MAST Has Designed A Solution to Building Structures on Water

Land on Water: MAST Has Designed A Solution to Building Structures on Water

October 25, 2022

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By 

Rick Formalejo

Rising sea level is one of the effects of climate change. To help combat the climate crisis, architects find sustainable ways to design structures. Danish maritime architecture studio MAST, for instance, has developed the “Land on Water” project. It is a system that provides an adaptable solution to building almost anything on water, such as floating homes, campsites, even small parks, and community centers. 

According to the architects, the project is a response to the acknowledgment of rising sea levels. It also addresses the increased risks of urban flooding which has led to a growing interest in adapting architecture to be built on water. 

The “Land on Water” offers a flexible and sustainable solution. It is considered as a departure point from previous solutions, which are proven to be difficult to adapt, transport, and are often using unsustainable materials like polystyrene-filled concrete foundations or plastic pontoons. Hubert Rhomberg and venture studio FRAGILE support the development of this project.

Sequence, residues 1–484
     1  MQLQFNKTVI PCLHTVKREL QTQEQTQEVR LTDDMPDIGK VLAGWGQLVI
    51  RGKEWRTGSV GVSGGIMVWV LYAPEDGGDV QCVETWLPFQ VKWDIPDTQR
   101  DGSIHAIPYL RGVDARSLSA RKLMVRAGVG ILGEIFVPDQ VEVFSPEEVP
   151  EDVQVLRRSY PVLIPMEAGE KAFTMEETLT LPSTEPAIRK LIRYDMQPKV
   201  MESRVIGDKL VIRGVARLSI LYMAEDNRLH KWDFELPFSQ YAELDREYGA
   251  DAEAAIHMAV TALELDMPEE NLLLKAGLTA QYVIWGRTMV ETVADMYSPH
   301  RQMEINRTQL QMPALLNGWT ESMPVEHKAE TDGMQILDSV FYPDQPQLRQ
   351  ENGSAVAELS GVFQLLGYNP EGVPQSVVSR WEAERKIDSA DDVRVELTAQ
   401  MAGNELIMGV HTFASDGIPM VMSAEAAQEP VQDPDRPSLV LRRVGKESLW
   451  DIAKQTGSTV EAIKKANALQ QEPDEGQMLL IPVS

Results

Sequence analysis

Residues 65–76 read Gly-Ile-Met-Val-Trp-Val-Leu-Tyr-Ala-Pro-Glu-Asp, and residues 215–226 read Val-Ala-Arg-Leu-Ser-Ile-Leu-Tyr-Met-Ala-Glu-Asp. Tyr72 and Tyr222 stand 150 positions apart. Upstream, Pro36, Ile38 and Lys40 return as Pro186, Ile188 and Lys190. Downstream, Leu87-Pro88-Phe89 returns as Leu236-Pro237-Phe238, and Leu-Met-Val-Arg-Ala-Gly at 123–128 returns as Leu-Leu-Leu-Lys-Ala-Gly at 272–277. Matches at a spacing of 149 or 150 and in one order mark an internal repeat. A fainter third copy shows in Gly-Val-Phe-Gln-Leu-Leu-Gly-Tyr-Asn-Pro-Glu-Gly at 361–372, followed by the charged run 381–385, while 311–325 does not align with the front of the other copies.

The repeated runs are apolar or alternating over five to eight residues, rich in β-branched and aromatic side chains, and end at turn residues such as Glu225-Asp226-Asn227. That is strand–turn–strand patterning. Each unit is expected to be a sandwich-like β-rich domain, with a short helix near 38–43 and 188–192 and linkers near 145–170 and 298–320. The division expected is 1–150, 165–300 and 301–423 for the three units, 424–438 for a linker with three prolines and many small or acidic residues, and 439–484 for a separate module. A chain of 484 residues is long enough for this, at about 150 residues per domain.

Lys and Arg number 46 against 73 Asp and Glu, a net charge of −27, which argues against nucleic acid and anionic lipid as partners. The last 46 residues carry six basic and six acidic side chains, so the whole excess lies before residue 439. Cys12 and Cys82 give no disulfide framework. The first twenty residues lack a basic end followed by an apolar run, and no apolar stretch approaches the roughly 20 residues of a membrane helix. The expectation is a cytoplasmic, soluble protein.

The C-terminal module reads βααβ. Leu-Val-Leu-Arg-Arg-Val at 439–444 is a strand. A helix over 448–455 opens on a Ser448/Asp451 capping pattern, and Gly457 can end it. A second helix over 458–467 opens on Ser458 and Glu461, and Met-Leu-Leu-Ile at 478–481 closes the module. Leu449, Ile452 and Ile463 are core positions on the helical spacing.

The basis of the project is flat-pack floating foundations that are easy to transport and assemble in different configurations. The system is inspired by gabio constructions, a technology that uses mesh cages filled with rubble to create low-cost foundations or walls. The flat-pack cages are made from reinforced, recycled plastic that are then filled with locally sourced, upcycled floatation materials that can support the weight of the structure.

The Land of Water project features materials adaptable or adjustable to suit the weight of the building. 

Moreover, the project promises to create sustainable solutions for both above and below water. MAST designed the floating foundations in a way that it can provide a good habitat for fish and crustaceans and at the same time can give an anchor point for Mollusca and seaweed. This contributes to enriching the biodiversity of the local ecosystem. It avoids using toxic materials like the anti-fouling paints usually used to treat steel and concrete foundations, as well.

The studio explains that the modular and adaptable character of the systems can also encourage communities to grow and develop in a dynamic and organic manner. They see this as an alternative to the large master-planned floating cities which often create rigid structures and are liable to repeat the mistakes of planners in the mid-20th century.

Photos courtesy of MAST